In my experience, constructing identity this way generates an unnecessary and distracting fiction. Within this fiction, life becomes an inevitable and permanent struggle between the demands of the world and the demands of the psyche, instead of a journey in which we are invited to realize that the psyche is illusory, and that the process of engaging with and responding to life’s conditions is all we are. This revelation can be upsetting and difficult to put into practice, but it’s the only way I know of to escape the confining idea that the path to freedom is to make the world accommodate our psyche’s desires and intentions. Instead, we should give up any commitment to the psyche and embrace the impermanent, transient natures of both our world and ourselves.

This fallacious distinction pervades What Matters Most, making it a less enlightening and more confusing book than it needs to be. The good news is that Hollis’s text still contains a healthy dose of genuine wisdom. His intellectual roots are impressively eclectic, revealing a keen understanding of how mythology and symbolism affect our notions of the ineluctable and the possible:

No one lives without myth. Anyone who thinks so is very unconscious. The only question is what mythologies, what fragments, what admonitions, what retreats or flights, what tropic desires have sovereignty in our lives and make our choices for us. (161)

The place where Hollis’s worldview resonates most profoundly with mine is his advocacy for a vigorous relationship with the lived experiences of ambiguity, mystery, loss and death:

An ability to tolerate the anxiety generated by ambiguity is what allows us to respect, engage, and grow from our repeated, daily encounters with the essential mysteries of life. But the payoff goes even further. Certainty begets stagnation, but ambiguity pulls us deeper into life. Unchallenged conviction begets rigidity, which begets regression; but ambiguity opens us to discovery, complexity, and therefore growth. The health of our culture, and the magnitude of our personal journeys, require that we learn to tolerate ambiguity, in service to a larger life. (27)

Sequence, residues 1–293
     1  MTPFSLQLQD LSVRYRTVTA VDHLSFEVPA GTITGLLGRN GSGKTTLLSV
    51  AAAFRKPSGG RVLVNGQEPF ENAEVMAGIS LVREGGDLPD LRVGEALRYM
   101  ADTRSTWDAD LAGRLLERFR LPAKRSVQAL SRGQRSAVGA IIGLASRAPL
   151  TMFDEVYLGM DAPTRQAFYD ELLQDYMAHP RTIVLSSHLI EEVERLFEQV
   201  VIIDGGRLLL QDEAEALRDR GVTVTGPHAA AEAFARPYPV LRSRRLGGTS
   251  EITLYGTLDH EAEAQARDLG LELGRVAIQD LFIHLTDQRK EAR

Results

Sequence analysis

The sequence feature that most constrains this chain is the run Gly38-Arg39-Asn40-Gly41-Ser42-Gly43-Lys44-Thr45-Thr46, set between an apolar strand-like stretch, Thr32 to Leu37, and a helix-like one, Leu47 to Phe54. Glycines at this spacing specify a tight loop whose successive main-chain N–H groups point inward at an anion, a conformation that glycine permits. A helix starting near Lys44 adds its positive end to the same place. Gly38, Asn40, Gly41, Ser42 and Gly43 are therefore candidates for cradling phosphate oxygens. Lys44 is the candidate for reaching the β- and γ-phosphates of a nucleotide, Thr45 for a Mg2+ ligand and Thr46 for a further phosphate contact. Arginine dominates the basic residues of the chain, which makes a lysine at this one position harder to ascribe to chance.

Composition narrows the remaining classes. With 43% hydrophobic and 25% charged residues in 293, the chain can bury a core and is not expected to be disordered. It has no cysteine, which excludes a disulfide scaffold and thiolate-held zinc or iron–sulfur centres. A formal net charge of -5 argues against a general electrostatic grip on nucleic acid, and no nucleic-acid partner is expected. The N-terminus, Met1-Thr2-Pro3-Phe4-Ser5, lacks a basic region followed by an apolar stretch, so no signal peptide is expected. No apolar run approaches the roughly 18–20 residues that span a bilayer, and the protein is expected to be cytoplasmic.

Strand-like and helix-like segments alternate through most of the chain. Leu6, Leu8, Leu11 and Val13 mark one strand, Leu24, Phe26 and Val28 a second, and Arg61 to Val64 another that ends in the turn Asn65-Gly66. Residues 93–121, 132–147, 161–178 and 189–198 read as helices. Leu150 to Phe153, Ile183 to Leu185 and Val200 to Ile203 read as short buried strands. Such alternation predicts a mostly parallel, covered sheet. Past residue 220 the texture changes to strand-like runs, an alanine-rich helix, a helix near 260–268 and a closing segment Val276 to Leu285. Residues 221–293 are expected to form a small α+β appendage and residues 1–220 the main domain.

We are challenged to live forward––toward and through the many deaths that meet us on a daily basis. Throughout our history, every growth, every change of developmental significance, has been accompanied by a loss of some kind, a price to be paid for the next step of the journey. Whether it was learning to cross the street on our own, learning to take care of ourselves when no one else would, or at this moment learning to stand honestly before loss and death, we grow, paradoxically, by losing something. (224-5)

In the end, our lives will be governed by mysteries, not certainties. In the end, whatever is larger than our constructs and beliefs and denials, will prove most worthy of our respect, our humility, and our considered beliefs. This is the experience of meaning. If we want our lives to be meaningful, we need to understand that meaning will not be found through any arrival at certainty, for any place we settle will soon prove inadequate. Meaning will arise from sundry departures from certainties, obligatory deaths and rebirths, and surprising new arrivals from which, then, new departures perforce persist. This is meaning. (230, emphasis his)

Clearly a compassionate and observant fellow, Hollis has spent a long career trying to help people improve their lives––or at least their relationship with the idea of being alive. What Matters Most is an expression of that desire to help. While I don’t share some of Hollis’s fundamental assumptions, I find no quarrel with his underlying motivations. 

Rating: 5/10